Our results showed that participants were more likely to experience UI during heavy lifts. Indeed, participants who lifted the most weight in competition experienced the most severe UI. The deadlift is the lift where powerlifters are likely to lift the greatest amount of weight, and correspondingly, the deadlift was the lift most likely to provoke UI (42.5%). Our results supported the findings by Skaug et al., who also reported that the deadlift was the lift most likely to provoke UI in competitive weightlifters and powerlifters . The squat was the second most likely competition lift to provoke UI in our cohort of powerlifters. While 36.3% of participants in our study reported experiencing UI during squats, comparable studies reported that 23% of weightlifters  and 12.6% of CrossFit participants  experienced leakage of urine while squatting. Squats are possibly less likely to provoke UI in weightlifters and CrossFit participants due to a difference in the amount of weight lifted, and the number of sets and repetitions performed during training or competition. The primary goal of CrossFit training is to develop fitness as well as strength, and while CrossFit participants may occasionally work up to a One Repetition Maximum (1-RM), this is not the exclusive aim of the sport. Weightlifters are more likely than CrossFit participants to perform sets of squats with heavier weights to develop their strength rather than endurance. While powerlifters also focus on gaining strength, they are likely to train with heavier weights than weightlifters and perform sets with fewer repetitions to lift the maximum weight possible during a single repetition. Despite small variations in squat technique between powerlifters, weightlifters and CrossFit participants, it is possible that the prevalence of UI is influenced by the total weight lifted. We note however, that while lifting a progressively heavier weight has been shown to increase intrabdominal pressure , it is more difficult to demonstrate that lifting heavy weights provokes UI [15, 33].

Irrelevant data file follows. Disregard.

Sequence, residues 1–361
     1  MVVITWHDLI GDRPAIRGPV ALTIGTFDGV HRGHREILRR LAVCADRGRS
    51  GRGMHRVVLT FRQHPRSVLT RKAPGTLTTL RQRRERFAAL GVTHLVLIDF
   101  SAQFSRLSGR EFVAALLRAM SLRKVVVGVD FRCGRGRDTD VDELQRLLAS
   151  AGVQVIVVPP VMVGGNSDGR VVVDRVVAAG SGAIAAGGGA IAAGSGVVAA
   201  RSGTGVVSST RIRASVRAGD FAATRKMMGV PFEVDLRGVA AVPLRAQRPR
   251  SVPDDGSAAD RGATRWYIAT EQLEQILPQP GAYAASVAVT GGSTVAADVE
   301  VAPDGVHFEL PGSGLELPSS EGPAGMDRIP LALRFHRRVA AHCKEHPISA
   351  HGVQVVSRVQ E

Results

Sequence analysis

Interestingly, some of the powerlifters in this study and the pilot study  reported that with progress in training capacity, they were able to lift heavier weights without leaking. An increase in UI threshold and urinary leakage were only experienced at near or above their previous maximum lifts. In other words, they were still incontinent, just at a higher lifting weight.
Sport Related Factors—Body Position
In addition to the total amount of weight lifted, some women reported that other factors such as body position during lifts provoked UI. Body position while lifting a weight has been found to influence the amount of intra-abdominal pressure , a phenomenon thought responsible for leakage during physically exerting actions. In our study, the bench-press, in comparison to the two standing lifts, was very unlikely to provoke urinary leakage. This finding supports the recommendation of low impact activities that do not place downwards pressure on the pelvic floor when the aim is to prevent UI during sport and exercise . While the bench-press is usually the lift where the least amount of weight is lifted, women still lift a significant amount of weight with some women lifting more than double their own body weight.
Body position during the deadlift was also problematic for some women who reported that sumo deadlifts, where the lifter has a wider stance compared to the conventional deadlift, were more likely to provoke UI. The possibility that sumo deadlifts provoke UI in some powerlifters has been identified in a previous study . Wearing a lifting belt and exercises that put further pressure on the abdominal area such as sit ups and front squats were reported to be problematic for some women.
Sport Related Factors—Fatigue